Practical Testing of the Cooper Scout Rifle Concept
Major Pandemic 11.20.13
Much has been written about Jeff Cooper’s scout rifle concept. Although no one can speak more authoritatively on the subject than the late Cooper himself, I have become a student of the concept. Unfortunately, many writers have missed the spirit of the scout rifle concept, using the traits such as the light weight, .308 chambering, and overall length as mandates instead of guidelines. A point often missed was Cooper’s more important requirement of shooter capabilities. After all if you cannot hit the target, it matters little how good the equipment is.
Cooper wrote: “The natural habitat of the general-purpose rifle is the field, the forest, the desert and the mountain -– not the shooting shed with its bench rest. To be really useful a rifle must be as short, light and quick to use as is technically compatible with adequate power and useful accuracy. What matters is not what the equipment can do, but rather what it will do in the hands of its operator under field, rather than laboratory, conditions.”
Some of the more relevant scout rifle discussions have been around caliber selection. Generally, everyone centralizes on the .308 Winchester chamber, but interestingly Cooper played around with a large number of other calibers while working with Steyr. The Cooper influenced Steyr bolt action Scout rifle was offered in .223/5.56, .243, 7mm-08, .376 Steyr, and obviously .308/7.62×51 Nato. The rifle weighed in at only 6.6lbs without an optic and was only 38.6” in length. By today’s standards, it still had a number of forward thinking features, such as spare mag in the buttstock, forward mounted optic, and integrated bipod, but it was and still is priced about $2000 even if you can find one. Generally the .308 is the hardest model to find.
Cooper most widely recommended the .308 Winchester simply because it is effective on most manner of beast to 400 yards and is still readily available even in the more remote areas around the world.
Cooper first developed his scout rifle concept after looking at the very long-lived success of the Winchester 94 in the 30-30 caliber and its effective use on a wide range of hunting and defensive targets out to 200 yards for well over 100 years. The 30-30 is, by today’s standards, considered a medium weight round, and it is actually around the same 800 Ft/lbs of energy at 200 yards as a standard Russian 7.62×39 AK round (technically the AK round is more powerful). The .308 is clearly more powerful at distance, but even at 200-yards, the 30-30 and 7.62×39 are still a pretty deadly round even for whitetail and hog hunting. I decided to expand my test a bit with this in mind.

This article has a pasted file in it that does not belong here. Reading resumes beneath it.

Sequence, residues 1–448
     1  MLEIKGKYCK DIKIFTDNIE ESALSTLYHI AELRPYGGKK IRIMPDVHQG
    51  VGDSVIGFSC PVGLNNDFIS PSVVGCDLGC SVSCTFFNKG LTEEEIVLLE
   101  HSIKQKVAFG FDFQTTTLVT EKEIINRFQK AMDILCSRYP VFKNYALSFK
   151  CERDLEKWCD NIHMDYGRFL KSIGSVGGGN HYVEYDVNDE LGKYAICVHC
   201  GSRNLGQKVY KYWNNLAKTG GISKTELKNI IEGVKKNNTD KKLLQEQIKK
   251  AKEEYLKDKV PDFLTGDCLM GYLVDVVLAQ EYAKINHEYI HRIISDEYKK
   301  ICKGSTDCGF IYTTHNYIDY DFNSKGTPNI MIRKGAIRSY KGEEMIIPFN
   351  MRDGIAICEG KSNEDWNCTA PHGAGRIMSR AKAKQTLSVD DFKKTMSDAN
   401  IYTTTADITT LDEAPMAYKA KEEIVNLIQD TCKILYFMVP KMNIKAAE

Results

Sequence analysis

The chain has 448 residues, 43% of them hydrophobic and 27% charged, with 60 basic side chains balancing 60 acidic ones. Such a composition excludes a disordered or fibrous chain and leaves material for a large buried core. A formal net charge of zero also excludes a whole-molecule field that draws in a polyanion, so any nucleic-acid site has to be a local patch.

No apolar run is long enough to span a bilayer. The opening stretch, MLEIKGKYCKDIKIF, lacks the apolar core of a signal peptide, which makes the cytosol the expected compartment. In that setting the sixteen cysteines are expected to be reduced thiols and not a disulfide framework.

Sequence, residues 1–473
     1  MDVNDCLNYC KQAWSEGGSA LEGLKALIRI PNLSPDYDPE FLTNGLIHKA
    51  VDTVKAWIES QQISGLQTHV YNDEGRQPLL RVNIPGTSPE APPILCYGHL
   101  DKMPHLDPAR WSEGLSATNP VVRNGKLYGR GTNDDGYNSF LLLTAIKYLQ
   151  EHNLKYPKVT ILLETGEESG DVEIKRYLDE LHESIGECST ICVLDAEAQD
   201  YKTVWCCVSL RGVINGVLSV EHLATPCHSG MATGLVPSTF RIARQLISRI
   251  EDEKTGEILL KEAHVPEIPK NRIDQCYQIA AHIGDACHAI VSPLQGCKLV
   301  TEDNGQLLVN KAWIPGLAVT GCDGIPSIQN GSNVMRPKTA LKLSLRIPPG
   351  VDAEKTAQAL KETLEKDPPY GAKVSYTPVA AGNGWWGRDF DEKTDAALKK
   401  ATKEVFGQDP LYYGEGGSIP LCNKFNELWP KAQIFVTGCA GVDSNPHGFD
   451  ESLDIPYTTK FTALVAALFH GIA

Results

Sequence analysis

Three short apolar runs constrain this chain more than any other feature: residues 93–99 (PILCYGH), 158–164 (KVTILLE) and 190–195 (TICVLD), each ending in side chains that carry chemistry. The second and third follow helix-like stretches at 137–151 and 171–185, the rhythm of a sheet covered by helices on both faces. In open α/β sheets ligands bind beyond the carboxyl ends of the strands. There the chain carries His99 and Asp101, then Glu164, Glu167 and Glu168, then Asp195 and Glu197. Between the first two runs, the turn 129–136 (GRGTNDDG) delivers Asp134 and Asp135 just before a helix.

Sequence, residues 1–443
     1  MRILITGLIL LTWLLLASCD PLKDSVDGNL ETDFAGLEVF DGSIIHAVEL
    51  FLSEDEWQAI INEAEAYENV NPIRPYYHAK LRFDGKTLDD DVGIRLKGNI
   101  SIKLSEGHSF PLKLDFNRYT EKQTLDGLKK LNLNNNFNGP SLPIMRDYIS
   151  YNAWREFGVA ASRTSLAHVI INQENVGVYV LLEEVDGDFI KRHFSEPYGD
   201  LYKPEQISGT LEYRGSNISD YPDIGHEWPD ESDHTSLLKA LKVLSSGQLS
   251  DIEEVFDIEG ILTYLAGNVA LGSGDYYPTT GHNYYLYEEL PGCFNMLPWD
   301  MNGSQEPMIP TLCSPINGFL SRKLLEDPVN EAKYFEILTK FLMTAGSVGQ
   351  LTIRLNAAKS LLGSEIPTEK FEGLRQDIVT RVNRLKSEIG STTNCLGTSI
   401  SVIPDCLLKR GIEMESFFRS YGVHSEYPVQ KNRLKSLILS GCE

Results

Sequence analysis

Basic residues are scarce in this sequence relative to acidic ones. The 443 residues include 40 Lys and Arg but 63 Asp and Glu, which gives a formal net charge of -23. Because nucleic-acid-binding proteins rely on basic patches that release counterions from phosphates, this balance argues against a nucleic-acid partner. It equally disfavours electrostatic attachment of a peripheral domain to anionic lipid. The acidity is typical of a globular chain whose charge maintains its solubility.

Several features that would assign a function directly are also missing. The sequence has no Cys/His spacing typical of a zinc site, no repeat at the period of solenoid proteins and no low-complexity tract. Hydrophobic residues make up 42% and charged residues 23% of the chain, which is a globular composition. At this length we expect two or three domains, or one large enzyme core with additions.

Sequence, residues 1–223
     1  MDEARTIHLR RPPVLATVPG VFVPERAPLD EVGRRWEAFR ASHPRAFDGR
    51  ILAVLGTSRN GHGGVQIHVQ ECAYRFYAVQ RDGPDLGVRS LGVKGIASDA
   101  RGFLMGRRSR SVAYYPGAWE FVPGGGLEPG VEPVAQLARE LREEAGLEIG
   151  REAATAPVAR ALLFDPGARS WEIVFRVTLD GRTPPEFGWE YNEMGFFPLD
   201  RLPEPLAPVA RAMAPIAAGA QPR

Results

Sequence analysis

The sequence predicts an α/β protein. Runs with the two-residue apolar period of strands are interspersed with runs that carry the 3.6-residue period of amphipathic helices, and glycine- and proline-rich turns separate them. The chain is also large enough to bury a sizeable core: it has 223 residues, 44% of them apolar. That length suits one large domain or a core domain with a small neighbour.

Variants of the Cooper Scout Rifle
To test my theories about the idea of a scout rifle concept and my ability to shoot them, I picked up two of Ruger‘s newest 308 bolt actions and a Mini-30 to assemble three variations: a “quintessential” Scout Rifle, an even lighter weight, more affordable, compact alternative, and the battle proven Mini-30 design with a bit more punch than the venerable 30-30.
Ruger Gunsite: The Ruger Gunsite was specifically designed around Cooper’s concept of a Scout Rifle. The design was carried out by some of his closest friends at Gunsite and matches up well to his original guidelines. Fortunately, I have the new, all-stainless version sporting a longer 18″ barrel to test out. The rifle is a brute and feels like your typical, over-engineered Ruger that could take everything you could throw at it. With this stainless version, the action is about as corrosion resistant as it comes. I topped this rifle with Hi-Lux/Leatherwood‘s newest long-eye relief variable power 2-7 Scout Rifle scope exactly where Cooper intended: way out in front of the bolt. As equipped, this rifle matches almost perfectly to Cooper’s specs, so I was looking forward to seeing whether I could deliver from a shooter perspective.
Ruger American Compact .308
The 6lb Ruger American with detachable rotary magazine has never been noted as a “Scout Rifle” since its recent introduction, but with the right optic, I figured I could prove that it might be an effective alternative to Ruger’s other namesake design.
The Ruger American that I tested is the compact version, which drops the barrel length from 22” to 18″ and shortens the length of pull by 1.25″ to deliver a very compact and ultra-light Scout Rifle variation (about 3″ shorter and 1.1lbs lighter than Ruger’s Scout Rifle). It is probably the lightest .308 in production, and considering the $350 street price on these Ruger Americans, it may be one of the least expensive options as well. To keep the weight down and deliver the both eyes open shooting capabilities noted by Cooper, I opted for something unusual on a .308 bolt action: a Nikon 1-4x P-223 AR optic. On 1X it delivers the defensive CQB distance engagement Cooper noted, and on 4X it allows some precision at distance.